The business which a person has learned, and which he engages in, for procuring subsistence, or for profit; occupation; especially, mechanical employment as distinguished from the liberal arts, the learned professions, and agriculture; as, we speak of the trade of a smith, of a carpenter, or mason, but not now of the trade of a farmer, or a lawyer, or a physician.

Accursed usury was all his trade. Spenser.

The homely, slighted, shepherd's trade. Milton.

I will instruct thee in my trade. Shak.

6.

Instruments of any occupation.

[Obs.]

The house and household goods, his trade of war. Dryden.

7.

A company of men engaged in the same occupation; thus, booksellers and publishers speak of the customs of the trade, and are collectively designated as the trade.

8. pl.

The trade winds.

9.

Refuse or rubbish from a mine.

[Prov. Eng.]

Syn. -- Profession; occupation; office; calling; avocation; employment; commerce; dealing; traffic.

Board of trade. See under Board. -- Trade dollar. See under Dollar. -- Trade price, the price at which goods are sold to members of the same trade, or by wholesale dealers to retailers. Trade sale, an auction by and for the trade, especially that of the booksellers. -- Trade wind, a wind in the torrid zone, and often a little beyond at, which blows from the same quarter throughout the year, except when affected by local causes; -- so called because of its usefulness to navigators, and hence to trade.

⇒ The general direction of the trade winds is from N. E. to S. W. on the north side of the equator, and from S. E. to N. W. on the south side of the equator. They are produced by the joint effect of the rotation of the earth and the movement of the air from the polar toward the equatorial regions, to supply the vacancy caused by heating, rarefaction, and consequent ascent of the air in the latter regions. The trade winds are principally limited to two belts in the tropical regions, one on each side of the equator, and separated by a belt which is characterized by calms or variable weather.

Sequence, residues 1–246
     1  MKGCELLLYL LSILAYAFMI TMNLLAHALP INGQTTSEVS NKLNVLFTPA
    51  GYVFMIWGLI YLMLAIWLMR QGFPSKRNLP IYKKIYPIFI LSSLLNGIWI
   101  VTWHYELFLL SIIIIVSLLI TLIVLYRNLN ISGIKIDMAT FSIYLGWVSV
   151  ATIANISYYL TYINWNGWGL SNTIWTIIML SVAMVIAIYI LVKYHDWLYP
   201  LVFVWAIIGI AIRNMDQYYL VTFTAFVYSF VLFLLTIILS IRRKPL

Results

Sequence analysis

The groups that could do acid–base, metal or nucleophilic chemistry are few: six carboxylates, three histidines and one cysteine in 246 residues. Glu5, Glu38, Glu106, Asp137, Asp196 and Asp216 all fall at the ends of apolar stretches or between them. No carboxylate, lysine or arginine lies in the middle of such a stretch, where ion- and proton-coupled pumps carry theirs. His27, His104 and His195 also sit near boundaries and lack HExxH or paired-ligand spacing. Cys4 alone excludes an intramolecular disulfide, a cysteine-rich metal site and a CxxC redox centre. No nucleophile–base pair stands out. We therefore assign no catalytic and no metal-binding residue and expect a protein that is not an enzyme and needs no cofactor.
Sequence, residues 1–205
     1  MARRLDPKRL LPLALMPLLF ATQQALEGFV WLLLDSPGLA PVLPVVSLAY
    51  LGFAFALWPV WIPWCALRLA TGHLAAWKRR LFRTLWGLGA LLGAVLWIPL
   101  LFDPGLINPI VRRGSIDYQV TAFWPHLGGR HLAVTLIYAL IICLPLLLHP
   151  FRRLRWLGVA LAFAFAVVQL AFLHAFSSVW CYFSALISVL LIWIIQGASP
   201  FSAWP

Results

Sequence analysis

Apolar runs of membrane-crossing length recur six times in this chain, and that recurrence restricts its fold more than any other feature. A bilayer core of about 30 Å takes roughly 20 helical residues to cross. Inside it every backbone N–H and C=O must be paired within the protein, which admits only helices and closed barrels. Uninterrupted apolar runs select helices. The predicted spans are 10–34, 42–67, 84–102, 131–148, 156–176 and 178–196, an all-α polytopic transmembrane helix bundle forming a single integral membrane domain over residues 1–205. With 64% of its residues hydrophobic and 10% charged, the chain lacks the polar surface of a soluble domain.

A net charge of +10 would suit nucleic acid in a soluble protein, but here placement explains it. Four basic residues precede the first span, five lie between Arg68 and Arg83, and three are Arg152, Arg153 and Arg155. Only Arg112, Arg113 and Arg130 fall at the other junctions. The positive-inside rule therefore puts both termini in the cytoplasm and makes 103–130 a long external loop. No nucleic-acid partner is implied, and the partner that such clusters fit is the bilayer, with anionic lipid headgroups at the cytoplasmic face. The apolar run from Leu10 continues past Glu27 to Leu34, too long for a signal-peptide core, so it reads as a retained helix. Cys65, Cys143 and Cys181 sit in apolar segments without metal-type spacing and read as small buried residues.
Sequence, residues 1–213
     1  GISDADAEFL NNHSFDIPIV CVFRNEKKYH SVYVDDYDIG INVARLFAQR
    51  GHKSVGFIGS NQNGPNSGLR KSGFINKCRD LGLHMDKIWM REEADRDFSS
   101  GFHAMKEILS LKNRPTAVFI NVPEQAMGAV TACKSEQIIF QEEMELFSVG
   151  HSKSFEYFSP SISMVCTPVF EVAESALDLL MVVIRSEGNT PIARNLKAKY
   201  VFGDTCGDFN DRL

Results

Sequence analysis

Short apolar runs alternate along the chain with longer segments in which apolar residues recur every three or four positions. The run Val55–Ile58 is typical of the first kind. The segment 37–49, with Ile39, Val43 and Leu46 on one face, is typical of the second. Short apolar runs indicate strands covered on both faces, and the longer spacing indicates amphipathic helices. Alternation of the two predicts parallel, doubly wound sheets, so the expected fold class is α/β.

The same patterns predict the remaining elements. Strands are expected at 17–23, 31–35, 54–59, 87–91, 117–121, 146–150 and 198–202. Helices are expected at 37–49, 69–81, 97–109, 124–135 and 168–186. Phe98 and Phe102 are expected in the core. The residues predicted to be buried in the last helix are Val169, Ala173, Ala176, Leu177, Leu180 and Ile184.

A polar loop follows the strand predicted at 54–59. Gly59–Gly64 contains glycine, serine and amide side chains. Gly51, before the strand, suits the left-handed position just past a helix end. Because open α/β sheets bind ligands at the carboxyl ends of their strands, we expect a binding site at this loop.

© Webster 1913.


Trade (?), v. i. [imp. & p. p. Traded; p. pr. & vb. n. Trading.]

1.

To barter, or to buy and sell; to be engaged in the exchange, purchase, or sale of goods, wares, merchandise, or anything else; to traffic; to bargain; to carry on commerce as a business.

A free port, where nations . . . resorted with their goods and traded. Arbuthnot.

2.

To buy and sell or exchange property in a single instance.

3.

To have dealings; to be concerned or associated; -- usually followed by with.

How did you dare to trade and traffic with Macbeth? Shak.

 

© Webster 1913.


Trade, v. t.

To sell or exchange in commerce; to barter.

They traded the persons of men. Ezek. xxvii. 13.

To dicker and to swop, to trade rifles and watches. Cooper.

 

© Webster 1913.


Trade, obs.

imp. of Tread.

 

© Webster 1913.